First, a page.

Venezuela will seek options for restructuring its debt after state-owned PDVSA pays US$1.2 billion on a bond that matured yesterday. This is what the country’s president, Nicolas Maduro, said in a statement, which has reinforced concern that Venezuela is close to defaulting on debts, whose total amount is about US$150 billion.
Any attempt at debt restructuring, AFP notes, would run into the wall of U.S. sanctions against Venezuela, which include a ban on trade in Venezuelan debt for U.S.-based entities. Since any debt restructuring and refinancing involves the issuance of new debt, the sanctions would be a problem.
A lot of Venezuela’s debt is held by Russian and Chinese entities, and these are more likely to agree to a delay in repayments, which take the form of oil shipments. But PDVSA isn’t pumping the same amount of oil that it used to, and it is unlikely to be sufficient to pay down Venezuela’s debt as promised.
Still, Russia has been gracious in modifying what it’s owed. Just yesterday, Russia’s Finance Minister Anton Siluanov said that Russia will not demand repayments of a US$1-billion loan expiring in 2017. Instead, the lender will look for ways to restructure the dues.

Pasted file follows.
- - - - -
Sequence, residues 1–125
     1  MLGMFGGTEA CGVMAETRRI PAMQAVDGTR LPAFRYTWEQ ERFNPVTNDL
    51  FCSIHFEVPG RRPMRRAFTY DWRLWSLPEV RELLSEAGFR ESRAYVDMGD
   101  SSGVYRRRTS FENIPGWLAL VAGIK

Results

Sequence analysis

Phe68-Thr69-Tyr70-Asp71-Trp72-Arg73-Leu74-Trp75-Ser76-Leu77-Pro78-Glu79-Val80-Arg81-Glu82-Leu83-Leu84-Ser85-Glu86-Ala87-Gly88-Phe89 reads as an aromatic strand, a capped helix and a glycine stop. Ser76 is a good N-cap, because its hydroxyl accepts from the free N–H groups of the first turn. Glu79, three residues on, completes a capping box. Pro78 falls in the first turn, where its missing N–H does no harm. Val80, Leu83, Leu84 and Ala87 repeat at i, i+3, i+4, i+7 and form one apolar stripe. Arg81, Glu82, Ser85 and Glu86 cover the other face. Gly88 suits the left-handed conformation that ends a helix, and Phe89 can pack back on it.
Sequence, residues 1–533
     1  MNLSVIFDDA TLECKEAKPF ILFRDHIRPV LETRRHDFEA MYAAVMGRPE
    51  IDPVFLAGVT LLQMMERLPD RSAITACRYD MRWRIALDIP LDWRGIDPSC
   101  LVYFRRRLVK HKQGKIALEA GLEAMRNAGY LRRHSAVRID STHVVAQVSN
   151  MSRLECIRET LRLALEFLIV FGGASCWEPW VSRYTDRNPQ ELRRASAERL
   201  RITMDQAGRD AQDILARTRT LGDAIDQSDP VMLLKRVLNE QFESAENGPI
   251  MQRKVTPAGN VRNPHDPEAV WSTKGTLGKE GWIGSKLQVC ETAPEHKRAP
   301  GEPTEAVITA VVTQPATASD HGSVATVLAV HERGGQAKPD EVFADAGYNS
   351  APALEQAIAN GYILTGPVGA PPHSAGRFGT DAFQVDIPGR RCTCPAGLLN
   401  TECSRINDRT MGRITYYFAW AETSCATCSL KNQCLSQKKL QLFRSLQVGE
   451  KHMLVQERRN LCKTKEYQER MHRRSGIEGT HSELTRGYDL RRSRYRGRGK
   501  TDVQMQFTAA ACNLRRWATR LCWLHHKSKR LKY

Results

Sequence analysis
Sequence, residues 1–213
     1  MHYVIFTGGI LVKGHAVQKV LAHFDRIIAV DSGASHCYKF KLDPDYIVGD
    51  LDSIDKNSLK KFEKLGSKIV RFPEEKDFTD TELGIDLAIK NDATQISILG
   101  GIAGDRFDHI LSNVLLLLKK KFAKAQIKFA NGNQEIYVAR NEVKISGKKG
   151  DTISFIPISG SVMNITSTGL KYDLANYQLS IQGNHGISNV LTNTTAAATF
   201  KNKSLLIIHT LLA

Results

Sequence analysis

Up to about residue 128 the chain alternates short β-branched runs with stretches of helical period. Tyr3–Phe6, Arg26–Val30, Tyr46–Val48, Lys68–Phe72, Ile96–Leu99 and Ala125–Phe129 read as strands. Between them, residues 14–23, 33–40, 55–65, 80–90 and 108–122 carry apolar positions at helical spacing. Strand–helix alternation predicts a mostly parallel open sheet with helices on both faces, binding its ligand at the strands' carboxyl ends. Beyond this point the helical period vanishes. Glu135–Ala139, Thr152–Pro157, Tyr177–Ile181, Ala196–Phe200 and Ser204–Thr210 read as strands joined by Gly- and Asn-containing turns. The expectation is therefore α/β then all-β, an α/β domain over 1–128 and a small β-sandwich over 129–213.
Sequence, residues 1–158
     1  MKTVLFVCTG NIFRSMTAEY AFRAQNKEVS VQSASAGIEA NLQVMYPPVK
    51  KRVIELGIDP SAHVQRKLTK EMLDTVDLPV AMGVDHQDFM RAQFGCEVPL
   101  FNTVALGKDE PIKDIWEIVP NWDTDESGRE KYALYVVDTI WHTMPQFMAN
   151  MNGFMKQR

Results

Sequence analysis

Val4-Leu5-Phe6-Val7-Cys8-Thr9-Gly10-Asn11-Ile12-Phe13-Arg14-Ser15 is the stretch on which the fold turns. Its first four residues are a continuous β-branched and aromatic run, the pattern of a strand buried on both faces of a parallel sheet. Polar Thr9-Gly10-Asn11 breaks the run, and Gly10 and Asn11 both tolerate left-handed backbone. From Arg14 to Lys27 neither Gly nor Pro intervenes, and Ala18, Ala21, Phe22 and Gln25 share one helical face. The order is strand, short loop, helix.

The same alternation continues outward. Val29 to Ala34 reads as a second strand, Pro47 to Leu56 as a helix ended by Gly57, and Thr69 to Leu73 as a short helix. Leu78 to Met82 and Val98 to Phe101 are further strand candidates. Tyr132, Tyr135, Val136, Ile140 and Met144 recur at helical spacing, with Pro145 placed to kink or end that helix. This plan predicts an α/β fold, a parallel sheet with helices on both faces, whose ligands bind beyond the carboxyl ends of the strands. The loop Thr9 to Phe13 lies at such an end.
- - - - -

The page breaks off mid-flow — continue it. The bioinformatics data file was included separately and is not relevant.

This is the second restructuring of Russian debt to Venezuela in as many years. In 2016, Moscow and Caracas agreed on a delay in the repayment of a US$2.84-billion debt. Now, repayments will start in 2019 and will continue for three years. The terms of this new restructuring are similar, with payments most likely to start in 2020.
However, Venezuela’s debt to Russia is about US$8 billion. Payments due to China total US$23 billion. Public debt amounts to US$45 billion and PDVSA’s debt stands at US$45 billion as well. That’s quite steep a debt pile for anyone, but Venezuela has prioritized debt repayments despite the hyperinflation and shortages of basic goods, including food and medicines.
"Venezuela has always met its international obligations, in times of high oil prices and low oil prices... Our intention is to keep on meeting them, but the financial persecution of Venezuela by international banks and organizations needs to stop," Maduro said in yesterday’s statement. That’s unlikely to happen as the U.S. is clearly firm about its hard line against the Caracas government.
By Irina Slav for Oilprice.com
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Irina is a writer for Oilprice.com with over a decade of experience writing on the oil and gas industry.